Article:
Like many of you, I’ll be celebrating halloween in just a few days. But recently, I also began celebrating Dia de los muertos. I’m reclaiming a part of me that was neglected for decades. Here’s the story of how I became less Mexican and how I’m bringing it back into my life.
“If you want to succeed, forget about where you came from and learn to be like us.”
It was never said to me in those exact words, but I felt it. And it’s not only a terrible way to think, it’s a horrible thing to impose on children. There are generations of immigrant children burdened with the idea that there is less value in their heritage than there is in adopting the American way of living. Many are lead to believe that they must leave behind where they came from and learn to be like those of where they live now.
Most of my life I was pulled in two directions. On one side, I was told by some of my Mexican family that I acted too white. And with others, I was excluded for not being white enough. At least now I can see that this type of thinking is a massive disservice to everyone.
I spoke only Spanish until I was 7 years old. In school, I was placed in a class where much of the time was spent teaching us how to speak English. While others were learning a prescribed curriculum, I was spending my time at school learning a new language. Eventually, I earned the amazing privilege of being placed in an English-speaking classroom with the other kids. I was lucky because unlike many other students, I achieved this level of success by second grade. Many others took much longer, setting them far behind their english-speaking classmates.
Once I started speaking English at school, my Spanish quickly faded away. My family moved to Upstate New York for work in 1991 and my language and my culture were left far behind.
It was an enormous shame. And I didn’t realize how much I had lost until later in my adult life. Now, I almost feel guilty for allowing myself to forget my language and the traditions of where I came from.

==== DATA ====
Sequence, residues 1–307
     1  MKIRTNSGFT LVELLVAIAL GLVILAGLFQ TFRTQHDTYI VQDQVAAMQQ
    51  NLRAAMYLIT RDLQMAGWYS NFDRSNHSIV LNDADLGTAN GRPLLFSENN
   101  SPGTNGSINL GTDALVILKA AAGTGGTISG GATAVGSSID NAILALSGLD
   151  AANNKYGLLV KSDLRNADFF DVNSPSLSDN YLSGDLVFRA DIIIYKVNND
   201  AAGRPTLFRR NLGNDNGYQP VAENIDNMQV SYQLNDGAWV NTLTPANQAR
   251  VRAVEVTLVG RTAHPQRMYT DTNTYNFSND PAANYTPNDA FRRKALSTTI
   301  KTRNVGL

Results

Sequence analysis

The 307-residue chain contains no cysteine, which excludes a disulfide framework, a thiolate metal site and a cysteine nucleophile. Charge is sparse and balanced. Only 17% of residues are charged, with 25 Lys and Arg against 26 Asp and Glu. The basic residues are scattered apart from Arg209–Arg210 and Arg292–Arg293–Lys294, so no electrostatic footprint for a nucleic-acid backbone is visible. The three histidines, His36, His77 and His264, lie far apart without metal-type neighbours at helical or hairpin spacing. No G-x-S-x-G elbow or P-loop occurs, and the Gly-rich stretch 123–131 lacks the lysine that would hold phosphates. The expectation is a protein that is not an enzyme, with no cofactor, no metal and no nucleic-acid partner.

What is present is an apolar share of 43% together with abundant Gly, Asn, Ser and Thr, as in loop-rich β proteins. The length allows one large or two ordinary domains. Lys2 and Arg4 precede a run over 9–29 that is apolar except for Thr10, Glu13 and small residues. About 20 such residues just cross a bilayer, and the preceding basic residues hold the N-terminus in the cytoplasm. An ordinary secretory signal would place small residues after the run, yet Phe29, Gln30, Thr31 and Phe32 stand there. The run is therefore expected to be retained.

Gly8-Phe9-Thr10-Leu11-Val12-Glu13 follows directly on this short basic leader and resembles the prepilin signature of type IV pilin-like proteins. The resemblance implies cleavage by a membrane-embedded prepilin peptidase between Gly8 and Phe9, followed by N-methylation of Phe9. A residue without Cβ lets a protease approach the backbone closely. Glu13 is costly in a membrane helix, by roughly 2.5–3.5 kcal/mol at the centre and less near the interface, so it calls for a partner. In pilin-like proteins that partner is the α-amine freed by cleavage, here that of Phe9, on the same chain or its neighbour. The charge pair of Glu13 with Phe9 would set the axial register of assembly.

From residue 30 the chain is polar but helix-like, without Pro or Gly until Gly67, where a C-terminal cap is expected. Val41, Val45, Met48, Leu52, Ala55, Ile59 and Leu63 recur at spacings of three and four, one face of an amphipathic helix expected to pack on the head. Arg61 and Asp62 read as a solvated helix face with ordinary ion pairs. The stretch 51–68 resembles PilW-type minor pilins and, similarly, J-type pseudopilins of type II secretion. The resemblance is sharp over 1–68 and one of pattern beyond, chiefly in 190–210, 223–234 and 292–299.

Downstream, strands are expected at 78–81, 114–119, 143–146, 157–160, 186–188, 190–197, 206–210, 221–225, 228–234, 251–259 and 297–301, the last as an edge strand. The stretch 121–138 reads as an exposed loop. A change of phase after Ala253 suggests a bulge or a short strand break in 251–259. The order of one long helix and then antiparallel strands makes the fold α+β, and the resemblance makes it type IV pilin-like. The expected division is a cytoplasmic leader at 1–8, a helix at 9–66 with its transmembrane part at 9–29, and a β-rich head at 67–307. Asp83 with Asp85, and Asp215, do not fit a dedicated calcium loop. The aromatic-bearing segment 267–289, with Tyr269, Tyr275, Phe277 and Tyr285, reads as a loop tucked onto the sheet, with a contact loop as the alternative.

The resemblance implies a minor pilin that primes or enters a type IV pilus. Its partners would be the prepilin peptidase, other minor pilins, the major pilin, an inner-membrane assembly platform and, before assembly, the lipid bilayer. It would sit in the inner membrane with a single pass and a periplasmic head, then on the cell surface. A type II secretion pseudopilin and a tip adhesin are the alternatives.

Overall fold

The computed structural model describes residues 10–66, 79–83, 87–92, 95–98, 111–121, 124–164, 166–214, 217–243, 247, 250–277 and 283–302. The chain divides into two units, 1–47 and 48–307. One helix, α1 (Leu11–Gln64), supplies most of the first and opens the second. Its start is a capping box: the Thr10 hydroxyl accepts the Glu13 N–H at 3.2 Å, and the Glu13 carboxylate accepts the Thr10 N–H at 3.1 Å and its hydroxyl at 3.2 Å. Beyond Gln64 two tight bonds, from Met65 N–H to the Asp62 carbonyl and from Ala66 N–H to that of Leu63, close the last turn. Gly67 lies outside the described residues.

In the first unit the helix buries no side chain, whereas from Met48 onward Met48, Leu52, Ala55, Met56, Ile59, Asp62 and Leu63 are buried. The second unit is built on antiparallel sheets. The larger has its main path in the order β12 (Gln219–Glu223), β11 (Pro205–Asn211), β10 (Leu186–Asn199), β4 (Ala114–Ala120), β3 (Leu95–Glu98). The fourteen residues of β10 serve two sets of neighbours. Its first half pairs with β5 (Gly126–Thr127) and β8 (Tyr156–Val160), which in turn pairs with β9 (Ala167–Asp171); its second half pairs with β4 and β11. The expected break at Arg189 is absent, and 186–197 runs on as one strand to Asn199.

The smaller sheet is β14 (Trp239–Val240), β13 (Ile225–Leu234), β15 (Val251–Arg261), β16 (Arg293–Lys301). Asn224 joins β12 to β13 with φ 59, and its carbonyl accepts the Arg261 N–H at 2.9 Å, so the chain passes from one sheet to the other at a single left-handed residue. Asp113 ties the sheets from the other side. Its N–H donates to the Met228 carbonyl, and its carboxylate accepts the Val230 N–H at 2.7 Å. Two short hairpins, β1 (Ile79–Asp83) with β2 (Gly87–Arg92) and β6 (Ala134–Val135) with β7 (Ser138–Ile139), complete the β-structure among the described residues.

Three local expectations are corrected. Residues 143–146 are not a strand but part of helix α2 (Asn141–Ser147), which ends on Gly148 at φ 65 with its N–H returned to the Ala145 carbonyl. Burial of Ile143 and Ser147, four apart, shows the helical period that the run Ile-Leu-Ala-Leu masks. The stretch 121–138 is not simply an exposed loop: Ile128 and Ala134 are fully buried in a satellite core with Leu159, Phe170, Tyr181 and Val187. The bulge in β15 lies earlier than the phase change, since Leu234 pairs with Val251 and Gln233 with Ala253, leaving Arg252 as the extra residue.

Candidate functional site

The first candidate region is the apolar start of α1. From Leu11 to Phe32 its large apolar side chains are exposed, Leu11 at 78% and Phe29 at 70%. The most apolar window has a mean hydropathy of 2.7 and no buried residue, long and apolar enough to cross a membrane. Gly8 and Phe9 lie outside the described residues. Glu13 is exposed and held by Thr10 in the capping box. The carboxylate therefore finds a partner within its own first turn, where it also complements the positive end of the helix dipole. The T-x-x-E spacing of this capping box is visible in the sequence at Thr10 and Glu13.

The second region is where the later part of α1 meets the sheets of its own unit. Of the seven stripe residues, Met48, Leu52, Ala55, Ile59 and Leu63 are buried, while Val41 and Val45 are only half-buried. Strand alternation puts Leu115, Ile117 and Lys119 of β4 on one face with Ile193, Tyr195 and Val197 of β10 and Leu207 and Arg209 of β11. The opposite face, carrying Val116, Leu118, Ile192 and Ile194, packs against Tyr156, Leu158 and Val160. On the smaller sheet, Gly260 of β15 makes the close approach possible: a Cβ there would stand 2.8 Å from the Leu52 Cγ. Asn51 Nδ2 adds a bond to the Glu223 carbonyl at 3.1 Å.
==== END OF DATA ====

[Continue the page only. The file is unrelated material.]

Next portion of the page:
I can’t turn back the clock but thankfully it’s never too late to start learning and relearning. I’m trying to speak some Spanish again. I’m asking my parents questions about our culture and family traditions. I’ve even started observing some of them. For the last few years I’ve set up my Ofrenda for Dia De Los Muertos with pictures of my grandparents that are no longer with us. And during this time I try to make it a point to ask my parents to tell me stories about when they were alive so I can properly remember them.
Recently, I’ve noticed that a lot of us have gained an interest in our ancestry. Just look at the skyrocketing sales of genetic testing kits. Sure, it’s a start. Rebuilding that family tree is nice but there’s so much culture attached to that tree that is still lost.
I might be pointing out the obvious here but wouldn’t it have been easier to pass down all this culture and information along the way? Instead, we went generations allowing our immigrant friends to feel like they must abandon their heritage in order to succeed here.
I’m not going to be ignorant to the fact that if you move somewhere you need to learn the language and the culture. In my opinion, it is a sign of respect. If I moved to Paris tomorrow, of course I’d learn French and the Parisian way of life (don’t twist my arm). But we should never demand that people forget where they came from to make room for something new.
The most American thing we can do is remind ourselves that this country was founded by immigrants and it’s what makes us beautiful and strong. Accepting and praising our differences is something we should be doing more.
Maybe we can try taking more of an interest in new food, new cultures, and people from far away places. Ask questions and learn something new. This makes someone feel accepted and appreciated and less likely to let their traditions fade away in hopes of fitting in with the other “Americans”.
If we do this right, being different may actually be the norm one day - What a beautiful day that will be.